What this means for mailers is that the USPS has clearly stated that liability for move update compliance cannot be transferred from mail preparers to mail owners. The USPS position is that compliance with move update is just like any other verification procedure such as presort or barcode errors. The mail preparer has responsibility for compliance and can either take the mail back and rework or pay extra postage.
Liability for Move Update Compliance
The discontinuance of PS Form 6014 leaves mailing service providers at considerable risk for address quality errors, even when the mailer has no control at all over mail list compilation (such as a list provided by a broker or list compiler) or hygiene (such as a list maintained by a customer). This is a different situation than mail preparation, where the mailer does indeed have strict control over education, training, and operational performance of workers engaged in mail processing for postage discounts.
Understandably, the mailing industry has objected to this policy of holding mail preparers accountable for address quality, maintaining that it is unfair to penalize mailers for work done—or not done—by others. Two industry organizations, the Association of Postal Commerce (POSTCOM) and the National Postal Policy Council (NPPC), have presented comments before the Postal Regulatory Commission (PRC), which has the power to disapprove either the penalty or the method of testing compliance or both.
Minimizing the Risk for Move Update Compliance
With the stakes so high for non-compliance, mailers need to be formulating a strategy to minimize the risk associated with address quality. Some possibilities include:
- National Change of Address processing within 95 days of a mailing. Though it is not known whether evidence of timely National Change of Address (NCOA) processing will help in a finding of non-compliance with move update requirements, in theory NCOA processing should reduce the number of addresses that potentially could be found in the MERLIN sample.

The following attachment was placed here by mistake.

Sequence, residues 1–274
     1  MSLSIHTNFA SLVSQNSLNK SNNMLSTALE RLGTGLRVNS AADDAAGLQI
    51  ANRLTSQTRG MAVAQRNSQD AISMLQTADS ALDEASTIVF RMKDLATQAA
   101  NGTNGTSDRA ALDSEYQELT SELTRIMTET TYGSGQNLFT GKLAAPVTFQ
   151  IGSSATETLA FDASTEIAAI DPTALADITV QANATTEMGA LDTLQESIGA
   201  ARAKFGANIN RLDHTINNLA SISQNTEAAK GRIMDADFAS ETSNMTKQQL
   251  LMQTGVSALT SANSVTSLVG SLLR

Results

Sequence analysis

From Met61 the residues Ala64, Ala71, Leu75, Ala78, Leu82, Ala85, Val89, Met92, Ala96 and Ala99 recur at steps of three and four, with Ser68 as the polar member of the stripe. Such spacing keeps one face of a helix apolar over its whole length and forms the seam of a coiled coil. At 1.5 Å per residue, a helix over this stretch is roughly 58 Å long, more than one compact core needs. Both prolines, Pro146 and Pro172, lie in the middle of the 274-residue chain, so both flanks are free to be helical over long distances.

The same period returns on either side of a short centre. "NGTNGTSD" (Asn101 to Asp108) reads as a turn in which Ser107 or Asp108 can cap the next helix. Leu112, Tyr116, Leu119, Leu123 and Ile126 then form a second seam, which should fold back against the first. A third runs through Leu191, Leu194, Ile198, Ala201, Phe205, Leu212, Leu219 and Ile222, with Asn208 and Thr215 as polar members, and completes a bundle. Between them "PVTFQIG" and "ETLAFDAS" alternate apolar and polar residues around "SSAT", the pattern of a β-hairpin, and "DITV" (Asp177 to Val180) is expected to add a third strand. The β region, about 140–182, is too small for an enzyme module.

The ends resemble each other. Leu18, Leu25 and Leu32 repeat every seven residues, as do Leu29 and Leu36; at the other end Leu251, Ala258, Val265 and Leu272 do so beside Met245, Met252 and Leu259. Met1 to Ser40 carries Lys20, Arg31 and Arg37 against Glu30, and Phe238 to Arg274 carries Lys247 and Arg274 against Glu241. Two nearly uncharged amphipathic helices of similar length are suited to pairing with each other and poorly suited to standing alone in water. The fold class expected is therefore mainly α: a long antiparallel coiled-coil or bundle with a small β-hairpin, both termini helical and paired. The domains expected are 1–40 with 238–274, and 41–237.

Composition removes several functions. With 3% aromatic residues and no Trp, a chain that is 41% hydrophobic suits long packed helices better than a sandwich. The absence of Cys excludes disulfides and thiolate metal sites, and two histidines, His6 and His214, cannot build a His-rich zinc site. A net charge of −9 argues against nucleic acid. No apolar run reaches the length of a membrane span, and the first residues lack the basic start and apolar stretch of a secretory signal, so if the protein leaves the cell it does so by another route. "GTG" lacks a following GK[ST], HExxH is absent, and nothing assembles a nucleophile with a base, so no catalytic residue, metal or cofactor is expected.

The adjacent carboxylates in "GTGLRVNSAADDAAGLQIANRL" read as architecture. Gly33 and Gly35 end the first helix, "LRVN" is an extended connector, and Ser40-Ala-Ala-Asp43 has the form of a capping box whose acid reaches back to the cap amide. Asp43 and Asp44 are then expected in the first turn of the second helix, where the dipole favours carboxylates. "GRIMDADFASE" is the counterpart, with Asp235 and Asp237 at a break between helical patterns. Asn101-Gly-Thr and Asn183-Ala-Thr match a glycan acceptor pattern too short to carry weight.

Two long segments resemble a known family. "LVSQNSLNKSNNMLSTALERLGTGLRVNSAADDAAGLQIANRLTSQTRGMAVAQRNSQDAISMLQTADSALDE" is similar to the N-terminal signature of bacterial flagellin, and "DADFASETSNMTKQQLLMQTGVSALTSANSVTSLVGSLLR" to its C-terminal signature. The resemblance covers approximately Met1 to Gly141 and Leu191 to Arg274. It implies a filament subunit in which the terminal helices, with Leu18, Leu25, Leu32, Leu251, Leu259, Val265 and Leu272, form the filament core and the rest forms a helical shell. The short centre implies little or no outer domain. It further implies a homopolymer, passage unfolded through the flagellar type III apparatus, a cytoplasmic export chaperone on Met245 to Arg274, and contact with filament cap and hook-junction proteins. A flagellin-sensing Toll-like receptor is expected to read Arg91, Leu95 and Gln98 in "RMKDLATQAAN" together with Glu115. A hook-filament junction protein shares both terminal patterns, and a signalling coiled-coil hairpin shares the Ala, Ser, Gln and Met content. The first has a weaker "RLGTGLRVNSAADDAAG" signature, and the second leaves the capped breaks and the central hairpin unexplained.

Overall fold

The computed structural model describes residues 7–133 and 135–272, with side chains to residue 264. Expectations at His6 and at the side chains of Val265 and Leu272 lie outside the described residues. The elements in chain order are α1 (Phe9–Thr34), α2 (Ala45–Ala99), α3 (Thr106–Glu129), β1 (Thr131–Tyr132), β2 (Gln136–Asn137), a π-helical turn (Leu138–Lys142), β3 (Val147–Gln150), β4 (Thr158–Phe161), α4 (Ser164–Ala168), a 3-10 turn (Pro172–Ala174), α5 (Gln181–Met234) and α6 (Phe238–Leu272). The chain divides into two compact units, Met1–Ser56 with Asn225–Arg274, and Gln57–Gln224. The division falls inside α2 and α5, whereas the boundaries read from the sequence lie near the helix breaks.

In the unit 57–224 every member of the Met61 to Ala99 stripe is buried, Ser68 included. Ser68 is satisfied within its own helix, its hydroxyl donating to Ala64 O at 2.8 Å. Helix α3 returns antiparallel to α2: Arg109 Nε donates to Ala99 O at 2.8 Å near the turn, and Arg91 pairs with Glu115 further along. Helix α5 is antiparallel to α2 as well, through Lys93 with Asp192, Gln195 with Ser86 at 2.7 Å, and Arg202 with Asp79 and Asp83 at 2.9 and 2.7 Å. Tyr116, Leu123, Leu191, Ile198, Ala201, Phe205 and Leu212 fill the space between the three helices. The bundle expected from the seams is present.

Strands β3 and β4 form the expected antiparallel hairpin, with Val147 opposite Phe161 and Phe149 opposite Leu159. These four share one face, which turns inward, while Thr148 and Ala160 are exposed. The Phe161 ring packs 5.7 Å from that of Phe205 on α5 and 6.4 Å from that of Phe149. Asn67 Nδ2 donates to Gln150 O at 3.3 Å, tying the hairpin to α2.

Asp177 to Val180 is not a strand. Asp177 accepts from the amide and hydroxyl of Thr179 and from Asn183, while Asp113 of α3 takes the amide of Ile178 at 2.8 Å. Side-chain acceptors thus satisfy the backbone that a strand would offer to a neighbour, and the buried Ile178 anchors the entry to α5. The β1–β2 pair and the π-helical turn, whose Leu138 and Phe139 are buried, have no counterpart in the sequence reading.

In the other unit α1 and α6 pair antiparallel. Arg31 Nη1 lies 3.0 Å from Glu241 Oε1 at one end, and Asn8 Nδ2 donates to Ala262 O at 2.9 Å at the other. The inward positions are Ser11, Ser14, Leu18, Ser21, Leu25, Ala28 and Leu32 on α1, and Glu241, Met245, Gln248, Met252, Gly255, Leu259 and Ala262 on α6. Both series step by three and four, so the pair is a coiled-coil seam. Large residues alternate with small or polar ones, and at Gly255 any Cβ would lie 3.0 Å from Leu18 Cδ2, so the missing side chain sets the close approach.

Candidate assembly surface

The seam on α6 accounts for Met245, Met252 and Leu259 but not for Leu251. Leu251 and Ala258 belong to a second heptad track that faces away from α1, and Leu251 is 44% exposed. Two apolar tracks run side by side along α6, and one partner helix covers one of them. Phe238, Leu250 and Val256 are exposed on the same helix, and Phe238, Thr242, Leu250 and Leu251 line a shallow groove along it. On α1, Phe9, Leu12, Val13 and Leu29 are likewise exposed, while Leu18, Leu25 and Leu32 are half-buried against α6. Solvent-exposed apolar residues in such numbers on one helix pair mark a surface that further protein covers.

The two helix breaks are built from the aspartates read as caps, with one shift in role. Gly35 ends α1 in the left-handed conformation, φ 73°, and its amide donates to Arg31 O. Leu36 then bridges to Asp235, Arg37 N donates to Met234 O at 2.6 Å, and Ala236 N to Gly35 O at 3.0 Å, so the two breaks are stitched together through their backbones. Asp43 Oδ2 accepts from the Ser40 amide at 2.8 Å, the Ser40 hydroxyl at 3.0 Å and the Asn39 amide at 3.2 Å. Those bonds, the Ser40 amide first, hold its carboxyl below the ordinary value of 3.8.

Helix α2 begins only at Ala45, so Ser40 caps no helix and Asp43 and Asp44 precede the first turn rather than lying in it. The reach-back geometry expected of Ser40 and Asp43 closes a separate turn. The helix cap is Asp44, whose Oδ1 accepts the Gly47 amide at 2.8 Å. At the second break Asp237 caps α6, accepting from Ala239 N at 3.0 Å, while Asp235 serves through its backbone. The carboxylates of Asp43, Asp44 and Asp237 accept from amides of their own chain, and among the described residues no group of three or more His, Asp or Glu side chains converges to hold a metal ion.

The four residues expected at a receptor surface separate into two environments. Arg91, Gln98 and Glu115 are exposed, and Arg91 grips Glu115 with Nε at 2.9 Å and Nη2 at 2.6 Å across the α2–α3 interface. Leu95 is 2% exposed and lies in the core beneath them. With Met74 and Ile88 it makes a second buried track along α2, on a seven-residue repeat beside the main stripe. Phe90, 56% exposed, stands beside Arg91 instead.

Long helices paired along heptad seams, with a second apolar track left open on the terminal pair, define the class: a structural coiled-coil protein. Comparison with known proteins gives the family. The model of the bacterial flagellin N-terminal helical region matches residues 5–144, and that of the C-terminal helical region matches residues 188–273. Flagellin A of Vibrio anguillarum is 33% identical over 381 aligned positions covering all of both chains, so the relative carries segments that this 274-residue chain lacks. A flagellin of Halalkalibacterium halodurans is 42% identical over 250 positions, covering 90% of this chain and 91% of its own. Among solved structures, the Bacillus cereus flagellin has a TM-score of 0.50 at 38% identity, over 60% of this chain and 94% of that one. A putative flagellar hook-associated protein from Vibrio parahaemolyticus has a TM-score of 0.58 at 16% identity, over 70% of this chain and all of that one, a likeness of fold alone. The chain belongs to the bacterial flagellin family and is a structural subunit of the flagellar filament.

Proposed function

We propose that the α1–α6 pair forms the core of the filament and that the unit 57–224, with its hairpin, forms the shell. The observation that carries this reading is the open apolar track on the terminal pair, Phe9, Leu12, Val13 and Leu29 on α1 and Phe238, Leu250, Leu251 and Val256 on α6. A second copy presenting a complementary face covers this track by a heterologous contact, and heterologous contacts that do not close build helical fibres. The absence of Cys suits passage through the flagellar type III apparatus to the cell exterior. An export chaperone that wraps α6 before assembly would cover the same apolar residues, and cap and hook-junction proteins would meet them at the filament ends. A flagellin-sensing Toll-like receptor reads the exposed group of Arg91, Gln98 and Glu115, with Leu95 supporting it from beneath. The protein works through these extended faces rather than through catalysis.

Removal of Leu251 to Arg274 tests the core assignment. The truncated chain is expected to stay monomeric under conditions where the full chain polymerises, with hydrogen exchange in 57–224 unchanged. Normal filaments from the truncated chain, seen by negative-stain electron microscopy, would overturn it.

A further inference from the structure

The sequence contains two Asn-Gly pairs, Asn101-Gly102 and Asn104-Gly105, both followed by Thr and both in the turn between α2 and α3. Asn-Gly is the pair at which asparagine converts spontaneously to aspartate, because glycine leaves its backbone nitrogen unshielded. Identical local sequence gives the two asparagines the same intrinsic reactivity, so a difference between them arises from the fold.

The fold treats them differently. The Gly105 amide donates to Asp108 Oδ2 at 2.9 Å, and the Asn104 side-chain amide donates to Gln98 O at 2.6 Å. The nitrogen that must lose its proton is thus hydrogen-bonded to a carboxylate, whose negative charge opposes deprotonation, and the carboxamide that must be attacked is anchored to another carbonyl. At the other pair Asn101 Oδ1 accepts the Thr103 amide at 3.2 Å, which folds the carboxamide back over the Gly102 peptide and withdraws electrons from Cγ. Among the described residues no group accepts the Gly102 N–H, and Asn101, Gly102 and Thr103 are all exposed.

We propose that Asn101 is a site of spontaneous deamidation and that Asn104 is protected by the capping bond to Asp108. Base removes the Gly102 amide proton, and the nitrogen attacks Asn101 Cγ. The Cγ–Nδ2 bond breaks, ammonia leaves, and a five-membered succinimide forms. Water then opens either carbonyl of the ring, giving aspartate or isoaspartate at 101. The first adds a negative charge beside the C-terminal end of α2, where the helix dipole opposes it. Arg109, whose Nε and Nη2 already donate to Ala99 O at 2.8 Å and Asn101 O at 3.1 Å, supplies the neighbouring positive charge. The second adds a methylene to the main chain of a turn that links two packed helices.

- Exclude problem addresses from the mailing. Removing CASS (Coding Accuracy and Support System) and DPV (delivery point validation) failures from the mailing will improve the address quality of the list. If they must be mailed, CASS and DPV failures can be sent at the single-piece rate.
- Use the exceptional address format. When the target recipient for a mailing is not an individual but a residential or commercial building, adding "Or Current Resident" or "Or Current Occupant" as a secondary address line will eliminate the address from the requirement for move update.
- Make customers aware of the penalties for non-compliance and ask for indemnification. Developing a clear explanation for customers of address quality, including list hygiene and move update, is the first step in helping customers understand the importance of mail list hygiene. Building on this, mailers can request their customers to indemnify them against penalties for non-compliance in cases where customers are maintaining their own mail lists.
Nancy DeDiemar is the president of Printing Resources of Southern California, a quick print shop in Upland, CA, offering printing, copying, electronic prepress, and mailing services. Nancy is the co-publisher of Printips (www.printips.com), a newsletter subscription service for printers. Contact her at Nancy@printingresources.com.